The materials under investigation will guide the extractions performed. Plastics and rubbers should be extracted by all solvents chosen, which could yield a range of organic and inorganic impurities. However, organic extractions of metal springs, components which would only yield inorganic impurities, are not necessary.

Extractions are performed with a range of solvents, to generate a pool of extractable species comparable to those observed during the subsequent leachables study. 

Three solvents are typically chosen:

  • Water (pH adjusted if pH ≠7 for liquid formulations) or mixtures with isopropanol or propylene glycol, as aqueous solvent for organic impurities
  • Isopropanol, as organic solvent for organic impurities
  • 5% nitric acid, for inorganic impurities.


Where appropriate, more solvents can be used.  Using powerful solvents is discouraged, as these could damage the materials under investigation and create unrealistically large numbers of extractables.

Components are extracted under reflux for 3 hours. However, such conditions may be too harsh for delicate materials and this should be investigated prior to starting the study.  Extraction with gentler solvents, Soxhlet extraction and extraction by sonication, or combinations thereof, are viable alternatives.

The Leachables Study: Design and Practical Considerations

The leachables study monitors species migrating from manufacturing and packaging components into the pharmaceutical product during its shelf life. The E&L study usually running in parallel with a stability trial with pre-defined time-points.

Appropriate control samples, stored within inert packaging, are crucial for the leachables study and must be stored alongside the stability sample at every condition. Comparison of the stability samples to the control samples allows for leachables species to be detected.

Sample numbers for a leachables study will vary but will always comprise one control sample and one stability sample. In comparison to the extractables study, the sample matrix is far more complex and is dependent on the product under investigation. This inevitably impacts sample preparation and ease of analysis.

Oral Formulations (Liquid), Inhalations and Injectables

These formulations should be the simplest to prepare and analyse, being water-based.  However, water-soluble components such as sugars and salts may impact sample analysis.

Headspace GC-MS: No sample preparation is required; target analytes are measured by sampling the headspace above the sample. Matrix effects are minimal.

ICP-MS: With excellent detection limits (parts per billion and lower), matrix effects can be largely overcome through dilution or acid digestion. With dilution, sample filtration or centrifugation may be needed if insoluble particulates are encountered.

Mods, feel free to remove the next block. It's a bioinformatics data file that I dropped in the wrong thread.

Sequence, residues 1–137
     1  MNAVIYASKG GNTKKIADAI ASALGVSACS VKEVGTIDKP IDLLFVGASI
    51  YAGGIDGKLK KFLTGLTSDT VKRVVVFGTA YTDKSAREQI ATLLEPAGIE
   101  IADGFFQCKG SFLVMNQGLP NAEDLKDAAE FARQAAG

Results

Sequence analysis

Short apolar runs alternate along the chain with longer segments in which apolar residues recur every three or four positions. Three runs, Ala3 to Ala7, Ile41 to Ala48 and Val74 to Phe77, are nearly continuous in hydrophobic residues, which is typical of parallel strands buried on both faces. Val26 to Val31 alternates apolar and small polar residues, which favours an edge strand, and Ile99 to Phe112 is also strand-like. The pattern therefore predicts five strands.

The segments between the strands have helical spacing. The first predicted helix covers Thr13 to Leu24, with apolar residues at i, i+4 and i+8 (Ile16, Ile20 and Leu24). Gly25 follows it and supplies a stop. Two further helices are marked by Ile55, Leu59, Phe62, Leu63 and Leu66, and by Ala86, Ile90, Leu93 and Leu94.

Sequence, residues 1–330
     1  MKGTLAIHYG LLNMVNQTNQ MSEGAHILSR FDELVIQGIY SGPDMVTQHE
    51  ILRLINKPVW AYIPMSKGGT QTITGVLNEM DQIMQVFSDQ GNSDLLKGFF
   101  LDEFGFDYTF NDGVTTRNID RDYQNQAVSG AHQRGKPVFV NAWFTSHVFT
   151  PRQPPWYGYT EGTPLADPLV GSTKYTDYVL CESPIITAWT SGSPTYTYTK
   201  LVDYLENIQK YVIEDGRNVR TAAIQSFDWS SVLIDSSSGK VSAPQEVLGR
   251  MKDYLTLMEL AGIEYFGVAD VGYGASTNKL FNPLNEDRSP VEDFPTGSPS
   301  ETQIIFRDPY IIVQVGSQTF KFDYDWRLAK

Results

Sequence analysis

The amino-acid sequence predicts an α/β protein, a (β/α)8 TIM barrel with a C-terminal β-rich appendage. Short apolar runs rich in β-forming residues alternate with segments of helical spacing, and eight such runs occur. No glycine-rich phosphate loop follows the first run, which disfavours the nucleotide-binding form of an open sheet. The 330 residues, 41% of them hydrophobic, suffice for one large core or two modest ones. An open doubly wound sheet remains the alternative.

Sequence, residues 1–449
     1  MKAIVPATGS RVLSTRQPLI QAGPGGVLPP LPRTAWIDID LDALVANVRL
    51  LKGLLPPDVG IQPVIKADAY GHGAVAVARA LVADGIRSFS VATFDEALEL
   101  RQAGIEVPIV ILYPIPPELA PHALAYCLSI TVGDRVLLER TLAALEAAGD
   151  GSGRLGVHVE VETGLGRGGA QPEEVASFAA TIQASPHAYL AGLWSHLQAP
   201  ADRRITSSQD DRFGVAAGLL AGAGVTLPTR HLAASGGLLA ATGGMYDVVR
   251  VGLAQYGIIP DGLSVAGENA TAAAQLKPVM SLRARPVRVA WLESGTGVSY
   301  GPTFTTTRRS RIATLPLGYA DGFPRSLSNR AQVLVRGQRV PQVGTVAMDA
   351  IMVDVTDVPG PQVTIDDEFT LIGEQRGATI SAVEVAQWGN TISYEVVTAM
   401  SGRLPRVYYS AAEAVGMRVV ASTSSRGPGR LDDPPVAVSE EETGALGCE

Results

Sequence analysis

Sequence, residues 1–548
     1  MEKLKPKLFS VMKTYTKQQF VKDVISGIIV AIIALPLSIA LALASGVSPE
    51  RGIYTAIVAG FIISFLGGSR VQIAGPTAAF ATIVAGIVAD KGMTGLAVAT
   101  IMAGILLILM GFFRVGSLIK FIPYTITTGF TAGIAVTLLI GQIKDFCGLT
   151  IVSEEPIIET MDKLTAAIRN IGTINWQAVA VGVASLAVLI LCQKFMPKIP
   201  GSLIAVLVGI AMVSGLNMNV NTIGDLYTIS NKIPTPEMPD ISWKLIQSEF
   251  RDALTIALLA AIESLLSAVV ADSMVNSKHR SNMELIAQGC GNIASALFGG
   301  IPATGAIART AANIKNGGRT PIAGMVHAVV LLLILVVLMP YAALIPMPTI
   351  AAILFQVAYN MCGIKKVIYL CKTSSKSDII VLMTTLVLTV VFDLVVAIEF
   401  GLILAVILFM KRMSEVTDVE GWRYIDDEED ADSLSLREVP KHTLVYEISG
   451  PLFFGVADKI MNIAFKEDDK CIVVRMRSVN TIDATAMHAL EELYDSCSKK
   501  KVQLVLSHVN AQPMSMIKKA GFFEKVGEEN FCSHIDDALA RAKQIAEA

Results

LC-MS: Samples are diluted with water or water: methanol solutions. Sample viscosity can be overcome by high dilution but may impact analytical detection limits. Where particulates are observed, filtering or centrifugation is required. Depending on concentrations of the API and unretained species such as sugars and salts, the eluent flow may need to divert to waste at points during the run to protect the MS hardware.

Direct injection GC-MS: Samples are initially diluted in water, followed by Liquid-Liquid Extraction (LLE) into dichloromethane (DCM), which can then be concentrated for analysis.  Water-soluble and low volatility components such as sugars and salts are not carried across in large quantities, but residual levels may be injected into the GC-MS system. This may impact analysis and affect the hardware (material deposition).

Oral Formulations (Solid)

Intended for ingestion, formulations are expected to be soluble or readily disintegrated.  Excipients may be water-soluble (e.g. lactose) or insoluble (e.g. magnesium stearate).

Headspace GC-MS:  Similar to oral formulations (liquid). If sample comes as a single unit(e.g. tablet or lozenge) it should be ground prior to analysis.

ICP-MS: Similar to oral formulations (liquid), with high probability of insoluble materials if dilution is chosen as the method of sample preparation (filtration/centrifugation required).

LC-MS: Similar to oral formulations (liquid), with potentially greater insoluble materials present in solution and subsequent filtration or centrifugation required.

Direct injection GC-MS:  Similar to Oral formulations (liquid), but samples may be suspended as opposed to diluted in water prior to LLE.  There is a greater chance for water-insoluble excipients transferring into the organic layer, meaning a greater risk of matrix effects on the hardware and analysis.